Coordinates: 32°50′7″N 35°58′17″E / 32.83528°N 35.97139°E / 32.83528; 35.97139Coordinates: 32°50′7″N 35°58′17″E / 32.83528°N 35.97139°E / 32.83528; 35.97139
Grid position 241/249 PAL
Country  Syria
Governorate Daraa Governorate
District Izra District
Nahiyah Tasil
Elevation 525 m (1,722 ft)
Population (2004)[1]
  Total 15,985
Time zone EET (UTC+2)
  Summer (DST) EEST (UTC+3)

Tasil (Arabic: تسيل, also spelled Tsil) is a town in southern Syria, administratively part of the Izra District of the Daraa Governorate. Nearby localities include Nawa to the northeast, Adwan and al-Shaykh Saad to the east, Jalin and Tafas to the south, Saham al-Jawlan to the southwest and Saida and the Golan Heights to the east. According to the Syria Central Bureau of Statistics, Tasil had a population of 15,985 in the 2004 census. It is the administrative center of a nahiyah ("subdistrict") consisting of three localities with a combined population of 17,778 in 2004.[1]

It is situated on an elevation of 1,722 feet (525 meters) above sea level surrounded by extensive tracts of arable, but stony land.[2]


Ancient remains in Tasil indicate that a temple dedicated to one of the Roman emperors Constantine the Great or Constantius II and dated to the early 4th-century CE was located in the village.[3] Tasil might be the "Tharsila on the Batanea" listed by Eusebius as inhabited by Samaritans, though no other literary or archaeological evidence for a Samaritan past is known.[4] Tasil played a role in a number of engagements between the Byzantine and Muslim Arab armies in the Hauran during the Muslim conquest of Syria in the early-mid 7th-century.[5]

In 1596, Tasil appeared in Ottoman tax registers as a village in the Nahiya of Jawlan Sargi in the Qada of Hawran. It had a population of 37 Muslim households and 25 bachelors. It paid taxes on wheat, barley, summercrops, goats or beehives, and a water mill.[6]

In the late 19th-century Tasil was a large village with about 90 houses constructed from stone and mud brick. The population was about 300, all Muslims. Its main source of water was natural pool, consisting of 50 square yards, called al-Birkeh ("the Pool") situated to the north. In dry seasons village residents had to travel to the Allan spring. Most of the archaeological fragments of Tasil were built into the village's houses and mosques, many of them hidden by the plaster. There was a local superstition among Tasil's inhabitants that any resident who removed and gave travelers stones from the village's structures would be punished by God either by death or another misfortune.[2]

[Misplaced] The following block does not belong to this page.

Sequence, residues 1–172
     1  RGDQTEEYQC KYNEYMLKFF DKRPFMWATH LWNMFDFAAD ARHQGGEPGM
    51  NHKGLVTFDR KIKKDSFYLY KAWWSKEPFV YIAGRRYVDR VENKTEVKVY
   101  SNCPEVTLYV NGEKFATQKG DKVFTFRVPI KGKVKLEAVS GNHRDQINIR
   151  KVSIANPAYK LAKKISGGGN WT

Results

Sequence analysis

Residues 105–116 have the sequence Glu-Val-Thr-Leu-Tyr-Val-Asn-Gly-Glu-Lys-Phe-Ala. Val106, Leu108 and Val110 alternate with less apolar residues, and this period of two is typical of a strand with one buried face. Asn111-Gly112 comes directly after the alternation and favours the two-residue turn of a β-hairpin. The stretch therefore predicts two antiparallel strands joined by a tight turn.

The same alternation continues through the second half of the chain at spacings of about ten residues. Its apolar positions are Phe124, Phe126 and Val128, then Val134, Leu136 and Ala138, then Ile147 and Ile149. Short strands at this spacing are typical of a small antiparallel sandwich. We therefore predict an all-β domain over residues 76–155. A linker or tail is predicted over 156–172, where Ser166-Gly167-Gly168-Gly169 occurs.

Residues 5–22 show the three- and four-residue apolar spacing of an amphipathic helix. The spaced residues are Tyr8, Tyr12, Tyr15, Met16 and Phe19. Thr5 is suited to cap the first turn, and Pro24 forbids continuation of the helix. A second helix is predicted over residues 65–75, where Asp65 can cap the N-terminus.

Israeli paratroopers landed in Tasil on 10 June 1953 according to Syrian officials at the time.[7] A dam was constructed near the village in the late 1970s.[8]


Two notable ancient structures were located in Tasil, near the residence of the sheikh ("local chief.") They stood adjacent to each other and were known as "Jama'ah" and "Medany." The Jama'ah served as a mosque with an interior area of 53 x 40 feet and a roof supported by four square pillars. While the mosque appears to be of Islamic construction, it was possibly built on the site of an ancient synagogue or church. It had a courtyard to its east that measured 53 x 37 feet and was enclosed by basalt walls. In the southwestern corner of the mosque stood the ruined Medany tower which had a height of 20 feet and was supported by three columns.[2]

In the fields west of Tsil lay numerous dolmens, although most of them are collapsed or ruined.[9]


  1. 1 2 General Census of Population and Housing 2004. Syria Central Bureau of Statistics (CBS). Daraa Governorate. (Arabic)
  2. 1 2 3 Schumacher, 1889, pp. 222-230.
  3. Moralee, 2004, p. 35.
  4. Reinhard Pummer (2002). Early Christian Authors on Samaritans and Samaritanism. Seiten. p. 87.
  5. O'Shea, 2007, pp. 39-42.
  6. Hütteroth and Abdulfattah, 1977, p. 198
  7. Muʼassasat al-Dirāsāt al-Filasṭīnīyah. International Documents on Palestine. (1970). Institute for Palestine Studies. 243.
  8. MEED. 26: 14-26. (1982). Economic East Economic Digest, Limited. Page 55.
  9. Schumacher et al., 1889, p. 151


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